Supporters and donors often want to know that their contribution is making a difference. This is why you need to affirm the value of every gift. Donor efficacy is the feeling that their gift matters and is having an impact. Why go to the trouble of taking action if you can’t have any real impact?
In a study of door-to-door fundraisers asking for donations, simply adding the phrase “even a penny will help” to the appeal significantly increased the proportion of subjects who made a donation. The researchers called this method the Legitimization of Paltry Donation (LPD). Whatever you want to call it, it increased the number of people who got involved and took action. You can use this technique to help motivate donors who may not think their gift is worth the trouble.
Breaking the Barrier
• EVERY WORD MATTERS: As the study shows, simply including a phrase like “even a penny helps” or “no donation is too small” could influence more people to donate.
• A DOLLAR COUNTS: If applicable, you can tell certain segments of your audience that your average donation is less than $20 (insert your own figure). Send the message that you know not everyone can give a lot of money but every donation really does make an impact.
• IMPACT: You can also show the impact of a small donation. For example, Nothing But Nets makes sure visitors to their site know that a small $10 donation will buy a bed net to protect someone from Malaria. Show the tangible results just a few dollars can make.
4. The Paradox of Choice
Too many choices makes it hard to choose.
In a world where you can order your coffee in 700 different ways, we have grown accustomed to having a lot of options when making a decision, but overwhelming people with choices may make them more likely to not choose at all.
A much-referenced experiment in the study of choice took place at a jam-sampling table in a grocery store. In one iteration, the table offered six different jams to taste and buy. But they compared this with a table offering 24 different jams. Customers approaching the table were 10 X more likely to purchase a jar of jam if they only had six options. Although, the table with more choices attracted more customers to approach and taste, only 3% of people faced with such a wide variety actually chose to purchase any.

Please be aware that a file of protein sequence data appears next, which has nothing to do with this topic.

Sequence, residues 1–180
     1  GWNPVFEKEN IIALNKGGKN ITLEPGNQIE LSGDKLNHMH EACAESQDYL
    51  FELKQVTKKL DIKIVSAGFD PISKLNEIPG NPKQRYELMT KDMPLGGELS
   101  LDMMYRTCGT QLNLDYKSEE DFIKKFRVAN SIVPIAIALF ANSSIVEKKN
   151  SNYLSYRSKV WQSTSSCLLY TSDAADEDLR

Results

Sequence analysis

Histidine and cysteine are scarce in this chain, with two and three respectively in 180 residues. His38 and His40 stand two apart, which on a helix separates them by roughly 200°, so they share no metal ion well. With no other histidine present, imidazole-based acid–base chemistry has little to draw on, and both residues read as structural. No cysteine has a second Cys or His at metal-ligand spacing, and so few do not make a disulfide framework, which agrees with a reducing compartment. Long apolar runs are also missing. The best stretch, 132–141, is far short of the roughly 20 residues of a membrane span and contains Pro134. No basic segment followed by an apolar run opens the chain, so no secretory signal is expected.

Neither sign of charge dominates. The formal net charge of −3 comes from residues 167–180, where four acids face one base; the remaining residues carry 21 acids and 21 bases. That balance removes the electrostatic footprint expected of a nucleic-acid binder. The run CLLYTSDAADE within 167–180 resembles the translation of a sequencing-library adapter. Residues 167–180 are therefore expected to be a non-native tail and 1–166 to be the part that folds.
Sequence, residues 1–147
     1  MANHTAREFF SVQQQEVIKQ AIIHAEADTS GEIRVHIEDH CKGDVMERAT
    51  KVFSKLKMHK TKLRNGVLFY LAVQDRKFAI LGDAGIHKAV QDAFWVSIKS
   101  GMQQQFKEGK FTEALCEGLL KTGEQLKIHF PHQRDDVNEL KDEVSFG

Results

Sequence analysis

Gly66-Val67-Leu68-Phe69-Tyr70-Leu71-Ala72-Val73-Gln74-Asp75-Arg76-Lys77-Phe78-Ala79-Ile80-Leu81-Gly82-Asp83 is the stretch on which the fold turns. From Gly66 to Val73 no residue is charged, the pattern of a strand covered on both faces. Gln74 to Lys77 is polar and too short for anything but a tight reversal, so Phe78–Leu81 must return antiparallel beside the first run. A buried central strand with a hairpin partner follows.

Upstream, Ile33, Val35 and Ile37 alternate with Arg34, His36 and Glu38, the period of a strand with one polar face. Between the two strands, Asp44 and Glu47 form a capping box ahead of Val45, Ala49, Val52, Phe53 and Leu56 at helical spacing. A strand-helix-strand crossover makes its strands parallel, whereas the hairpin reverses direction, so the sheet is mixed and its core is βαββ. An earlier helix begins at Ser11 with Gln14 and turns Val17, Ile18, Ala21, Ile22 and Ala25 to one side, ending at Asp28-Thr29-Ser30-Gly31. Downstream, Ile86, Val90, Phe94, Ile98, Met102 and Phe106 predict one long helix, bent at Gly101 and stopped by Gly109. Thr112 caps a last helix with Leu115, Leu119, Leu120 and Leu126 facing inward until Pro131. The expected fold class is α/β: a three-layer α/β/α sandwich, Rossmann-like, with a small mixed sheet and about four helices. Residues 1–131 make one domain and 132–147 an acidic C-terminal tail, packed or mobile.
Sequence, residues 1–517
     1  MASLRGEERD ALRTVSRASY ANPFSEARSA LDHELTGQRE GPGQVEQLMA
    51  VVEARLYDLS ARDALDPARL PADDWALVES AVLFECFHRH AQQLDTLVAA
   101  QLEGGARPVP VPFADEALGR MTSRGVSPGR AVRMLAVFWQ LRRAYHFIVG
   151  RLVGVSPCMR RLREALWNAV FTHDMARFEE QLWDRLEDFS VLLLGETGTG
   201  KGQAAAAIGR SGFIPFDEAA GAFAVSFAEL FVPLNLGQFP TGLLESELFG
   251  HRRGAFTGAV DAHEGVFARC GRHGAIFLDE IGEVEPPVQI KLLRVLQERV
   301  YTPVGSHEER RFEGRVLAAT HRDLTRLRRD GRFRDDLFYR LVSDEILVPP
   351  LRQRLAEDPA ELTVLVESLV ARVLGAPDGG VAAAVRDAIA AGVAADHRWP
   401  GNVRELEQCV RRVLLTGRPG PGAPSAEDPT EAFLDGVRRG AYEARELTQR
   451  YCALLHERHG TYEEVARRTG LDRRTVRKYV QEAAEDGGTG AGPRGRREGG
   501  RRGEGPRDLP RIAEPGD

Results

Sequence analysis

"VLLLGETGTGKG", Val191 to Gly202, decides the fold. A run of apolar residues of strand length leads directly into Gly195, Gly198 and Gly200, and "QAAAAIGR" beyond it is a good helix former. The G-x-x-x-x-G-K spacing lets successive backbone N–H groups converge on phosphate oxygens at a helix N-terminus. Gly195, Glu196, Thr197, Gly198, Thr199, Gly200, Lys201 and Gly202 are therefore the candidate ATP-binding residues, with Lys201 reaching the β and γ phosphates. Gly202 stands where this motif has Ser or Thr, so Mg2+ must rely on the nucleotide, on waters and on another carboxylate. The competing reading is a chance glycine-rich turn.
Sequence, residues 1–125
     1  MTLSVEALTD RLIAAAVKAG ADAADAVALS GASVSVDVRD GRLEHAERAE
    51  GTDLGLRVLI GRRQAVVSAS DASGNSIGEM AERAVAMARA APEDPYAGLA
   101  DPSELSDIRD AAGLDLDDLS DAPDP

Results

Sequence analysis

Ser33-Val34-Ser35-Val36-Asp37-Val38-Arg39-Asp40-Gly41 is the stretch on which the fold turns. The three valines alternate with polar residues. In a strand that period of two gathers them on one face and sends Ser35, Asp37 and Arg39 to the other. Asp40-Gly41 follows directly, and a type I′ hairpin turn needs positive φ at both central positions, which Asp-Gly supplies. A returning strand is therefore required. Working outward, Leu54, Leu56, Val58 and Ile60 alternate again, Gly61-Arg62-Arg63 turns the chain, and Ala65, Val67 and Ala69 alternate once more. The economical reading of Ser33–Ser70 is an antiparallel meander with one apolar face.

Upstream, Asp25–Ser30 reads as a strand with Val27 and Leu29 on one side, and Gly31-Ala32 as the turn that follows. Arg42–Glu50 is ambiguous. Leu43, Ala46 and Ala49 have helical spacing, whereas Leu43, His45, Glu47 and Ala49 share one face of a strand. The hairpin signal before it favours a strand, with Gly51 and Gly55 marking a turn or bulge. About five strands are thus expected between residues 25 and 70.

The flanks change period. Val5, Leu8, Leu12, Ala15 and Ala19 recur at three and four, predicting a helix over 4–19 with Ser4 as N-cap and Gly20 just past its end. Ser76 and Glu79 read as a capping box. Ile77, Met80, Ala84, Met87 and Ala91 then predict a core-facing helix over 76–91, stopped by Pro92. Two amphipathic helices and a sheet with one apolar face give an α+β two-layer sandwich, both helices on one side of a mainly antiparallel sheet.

So how does this relate to donors?
Because the choice to support your organization can become fraught with choices and options. Which cause should I give to? Which organization? How much should I give? Should I support a specific program?
It is a fine line between having options and forcing donors to make a lot of hard decisions.
Breaking the Barrier
• SIMPLICITY: Keep the options to take action simple with a “Donate” and a “Fundraise” button. You should also keep any forms to donate or create a fundraising page as short as possible.
• ENCOURAGEMENT: Offer 3 or 4 suggested giving levels so donors face a manageable choice. This works best if you segment your contacts and you can suggest higher levels for big donors.
• SPECIFICITY: If you allow donors to designate a specific program for their gift, limit to only a few choices. Most importantly, include the option for the gift to be used “wherever needed.”
A Final Thought
Sometimes, it seems easier to do nothing. This is what keeps you from going to the gym after a long day at work. It’s why you haven’t made that dentist appointment. It’s why you keep putting off getting the oil changed in your car.
But you know you’ll be better off if you do take action.
We all struggle with these barriers both professionally and personally, but some simple changes can make it easier for your supporters to help your cause. Help them see that your mission is worth acting on.
Keep Your Donors Coming Back
Image Credit: Sebastian Mary